© 2005,2012 John Abbott, Anna M. Bigatti
GNU Free Documentation License, Version 1.2

CoCoALib Documentation Index

User documentation for FractionField

A FractionField is an abstract class (inheriting from ring) representing a fraction field of an effective GCD domain.

See RingElem FractionField for operations on its elements.



Query and cast

Let S be a ring

Operations on FractionField

In addition to the standard ring operations, a FractionField may be used in other functions.

Let FrF be a FractionField built as NewFractionField(R) with R a ring


Maintainer documentation for FractionField, FractionFieldBase, FractionFieldImpl

The class FractionField is wholly analogous to the class ring, i.e. a reference counting smart pointer. The only difference is that FractionField knows that the myRingPtr data member actually points to an instance of a class derived from FractionFieldBase (and so can safely apply a static_cast when the pointer value is accessed).

FractionFieldBase is an abstract class derived from RingBase. It adds a few pure virtual functions to those contained in RingBase:

  virtual const ring& myBaseRing() const;
  virtual ConstRawPtr myRawNum(ConstRawPtr rawq) const; // NB result belongs to BaseRing!!
  virtual ConstRawPtr myRawDen(ConstRawPtr rawq) const; // NB result belongs to BaseRing!!
  virtual const RingHom& myEmbeddingHom() const;
  virtual RingHom myInducedHomCtor(const RingHom& phi) const;

myBaseRing returns a reference to the ring (guaranteed to be an effective GCD domain) supplied to the constructor.

myRawNum (resp. myRawDen) produces a raw pointer to a value belonging to BaseRing ( and *NOT* to the FractionField!); these two functions *practically* *oblige* the implementation of FractionField to represent a value as a pair of raw values "belonging" to the BaseRing. Note that, while the value belongs to BaseRing, the resources are owned by the FractionField!!

EmbeddingHom returns the embedding homomorphism from the BaseRing into the FractionField; it actually returns a reference to a fixed homomorpism held internally.

InducedHom creates a new homomorpism from the FractionField to another ring S given a homomorpism from the BaseRing to S.

FractionFieldImpl implements a general fraction field. Its elements are just pairs of RawValues belonging to the BaseRing (see the struct FractionFieldElem). For this implementation the emphasis was clearly on simplicity over speed (at least partly because we do not expect FractionFieldImpl to be used much). For polynomials whose coefficients lie in a FractionField we plan to implement a specific ring which uses a common denominator representation for the whole polynomial. If you want to make this code faster, see some of the comments in the bugs section.

Important: while fractions are guaranteed to be reduced (i.e. no common factor exists between numerator and denominator), it is rather hard to ensure that they are canonical since in general we can multiply numerator and denominator by any unit. See a bug comment about normalizing units.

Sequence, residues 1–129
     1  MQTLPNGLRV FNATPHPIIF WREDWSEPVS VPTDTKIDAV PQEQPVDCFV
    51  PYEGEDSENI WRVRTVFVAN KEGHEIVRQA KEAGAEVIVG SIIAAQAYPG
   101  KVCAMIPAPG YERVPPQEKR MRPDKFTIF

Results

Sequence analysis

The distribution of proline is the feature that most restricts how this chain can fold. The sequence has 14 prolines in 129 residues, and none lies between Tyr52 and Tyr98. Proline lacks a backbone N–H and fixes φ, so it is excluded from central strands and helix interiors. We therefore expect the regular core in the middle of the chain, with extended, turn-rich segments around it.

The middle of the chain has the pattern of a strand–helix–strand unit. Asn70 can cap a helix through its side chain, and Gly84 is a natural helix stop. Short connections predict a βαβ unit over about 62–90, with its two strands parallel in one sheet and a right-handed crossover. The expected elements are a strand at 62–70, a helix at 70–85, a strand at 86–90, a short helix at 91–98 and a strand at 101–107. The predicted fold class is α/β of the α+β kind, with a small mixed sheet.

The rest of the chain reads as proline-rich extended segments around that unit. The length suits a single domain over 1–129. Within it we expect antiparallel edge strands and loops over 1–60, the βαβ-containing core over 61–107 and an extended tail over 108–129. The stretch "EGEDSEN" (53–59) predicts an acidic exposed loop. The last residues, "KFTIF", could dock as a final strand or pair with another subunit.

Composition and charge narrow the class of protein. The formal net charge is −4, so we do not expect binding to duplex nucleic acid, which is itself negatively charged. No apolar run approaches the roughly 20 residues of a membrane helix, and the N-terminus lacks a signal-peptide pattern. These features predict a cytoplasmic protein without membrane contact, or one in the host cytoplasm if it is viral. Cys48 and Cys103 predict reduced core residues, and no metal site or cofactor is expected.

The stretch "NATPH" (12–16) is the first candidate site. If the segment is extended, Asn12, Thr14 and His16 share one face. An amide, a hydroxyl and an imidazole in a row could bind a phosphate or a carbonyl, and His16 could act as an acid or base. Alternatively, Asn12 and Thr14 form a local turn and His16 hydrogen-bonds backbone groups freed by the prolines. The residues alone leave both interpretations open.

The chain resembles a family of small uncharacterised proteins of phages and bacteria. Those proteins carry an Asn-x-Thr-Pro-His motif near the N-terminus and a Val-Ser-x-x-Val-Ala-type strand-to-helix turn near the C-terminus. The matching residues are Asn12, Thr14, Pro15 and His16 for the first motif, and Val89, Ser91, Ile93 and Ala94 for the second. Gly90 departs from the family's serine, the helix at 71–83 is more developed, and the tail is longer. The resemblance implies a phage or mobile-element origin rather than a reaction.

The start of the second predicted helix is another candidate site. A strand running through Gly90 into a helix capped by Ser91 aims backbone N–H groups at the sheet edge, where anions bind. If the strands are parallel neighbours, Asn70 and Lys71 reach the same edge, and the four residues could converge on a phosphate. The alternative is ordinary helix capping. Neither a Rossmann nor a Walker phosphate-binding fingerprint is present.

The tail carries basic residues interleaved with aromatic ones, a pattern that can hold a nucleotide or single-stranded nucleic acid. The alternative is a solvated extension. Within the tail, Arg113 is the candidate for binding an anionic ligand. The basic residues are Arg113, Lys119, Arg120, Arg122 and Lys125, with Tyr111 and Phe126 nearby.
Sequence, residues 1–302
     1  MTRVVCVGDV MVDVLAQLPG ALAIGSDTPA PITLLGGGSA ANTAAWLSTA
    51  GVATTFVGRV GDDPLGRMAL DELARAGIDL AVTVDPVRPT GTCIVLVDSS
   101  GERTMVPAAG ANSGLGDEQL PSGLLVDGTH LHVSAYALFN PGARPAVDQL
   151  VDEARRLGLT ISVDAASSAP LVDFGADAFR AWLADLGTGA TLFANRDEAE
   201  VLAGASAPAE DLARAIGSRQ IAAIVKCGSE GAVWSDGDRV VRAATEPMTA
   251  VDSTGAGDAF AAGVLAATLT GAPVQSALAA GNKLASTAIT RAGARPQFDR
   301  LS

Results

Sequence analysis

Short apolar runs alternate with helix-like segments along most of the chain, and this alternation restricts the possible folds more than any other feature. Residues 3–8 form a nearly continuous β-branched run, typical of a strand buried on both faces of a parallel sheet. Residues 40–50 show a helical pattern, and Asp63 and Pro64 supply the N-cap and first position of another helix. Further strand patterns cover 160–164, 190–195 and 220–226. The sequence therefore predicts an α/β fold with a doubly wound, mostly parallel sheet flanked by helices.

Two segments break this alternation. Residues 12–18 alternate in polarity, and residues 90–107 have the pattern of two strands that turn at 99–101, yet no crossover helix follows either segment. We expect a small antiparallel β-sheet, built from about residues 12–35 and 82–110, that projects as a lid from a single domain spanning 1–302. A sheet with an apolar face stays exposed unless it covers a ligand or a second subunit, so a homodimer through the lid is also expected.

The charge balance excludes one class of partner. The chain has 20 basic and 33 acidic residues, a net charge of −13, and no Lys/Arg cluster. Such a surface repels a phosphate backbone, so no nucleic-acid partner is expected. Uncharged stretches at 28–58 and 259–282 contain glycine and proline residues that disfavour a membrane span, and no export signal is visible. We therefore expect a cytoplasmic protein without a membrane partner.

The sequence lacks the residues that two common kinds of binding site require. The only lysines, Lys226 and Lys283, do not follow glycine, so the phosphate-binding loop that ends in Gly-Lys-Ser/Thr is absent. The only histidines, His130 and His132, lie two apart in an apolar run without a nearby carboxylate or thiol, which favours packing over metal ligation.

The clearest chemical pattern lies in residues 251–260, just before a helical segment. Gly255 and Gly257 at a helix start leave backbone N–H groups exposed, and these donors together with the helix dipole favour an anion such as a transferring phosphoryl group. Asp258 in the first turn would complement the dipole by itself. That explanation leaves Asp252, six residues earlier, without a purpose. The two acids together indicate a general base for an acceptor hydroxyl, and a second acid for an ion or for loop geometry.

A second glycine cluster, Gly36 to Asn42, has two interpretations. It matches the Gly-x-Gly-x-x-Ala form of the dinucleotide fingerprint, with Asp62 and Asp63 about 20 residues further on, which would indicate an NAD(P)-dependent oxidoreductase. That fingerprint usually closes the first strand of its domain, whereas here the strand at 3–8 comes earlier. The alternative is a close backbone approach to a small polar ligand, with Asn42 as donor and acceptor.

Bugs, Shortcomings and other ideas

The functions myNew are not exception safe: memory would be leaked if space for the numerator were successfully allocated while allocation for the denominator failed -- nobody would clean up the resources consumed by the numerator. Probably need a sort of auto_ptr for holding temporary bits of a value.

Should partial homomorphisms be allowed: e.g. from QQ to ZZ/(3)? Mathematically it is a bit dodgy, but in practice all works out fine provided you don't divide by zero. I think it would be too useful (e.g. for chinese remaindering methods) to be banned. Given phi:ZZ->ZZ[x] it might be risky to induce QQ->ZZ[x]; note that ker(phi)=0, so this is not a sufficient criterion!

Currently you can make a FractionField only from a ring satisfying IsTrueGCDDomain; in principle one could create a FractionFieldImpl of any integral domain (it just wouldn't be possible to cancel factors without a GCD -- so probably not terribly practical). I'll wait until someone really needs it before allowing it.

It is not clear how to make the denominator positive when the GCD domain is ZZ (so the fraction field is QQ). In general we would need the GCD domain to supply a normalizing unit: such a function could return 1 unless we have some special desire to normalize the denominator in a particular way. HERE'S A CONUNDRUM: FractionField(Q[x]) -- all rationals are units, and so we could end up with horrible representations like (22/7)/(22/7) instead of just 1. MUST FIX THIS!!

The printing function is TERRIBLE!

FASTER + and -
Addition and subtraction can be done better: let h be the GCD of the two denominators, suppose we want to compute a/bh + c/dh (where gcd(a,bh) = gcd(c, dh) = gcd(b,d) = 1 i.e. h = gcd(B,D) where B,D are the denoms) If h = 1 then there is no cancellation, o/w gcd(ad+bc, bdh) = gcd(ad+bc, h), so we can use a simpler gcd computation to find the common factor.

FASTER * and /
Multiplication and division can also be made a little faster by simplifying the GCD computation a bit. The two cases are essentially the same, so I shall consider just multiplication. Assuming inputs are already reduced (i.e. there is no common factor between numerator and denominator). To compute (a/b)*(c/d), first calculate h1 = gcd(a, d) and h2 = gcd(b, c). The result is then: num = (a/h1)*(c/h2) & den = (b/h2)*(d/h1) and this is guaranteed to be in reduced form.

myIsRational is incomplete: it will fail to recognise rationals whose numerator and denominator have been multiplied by non-trivial units. BAD BUG! Ironically myIsInteger does work correctly.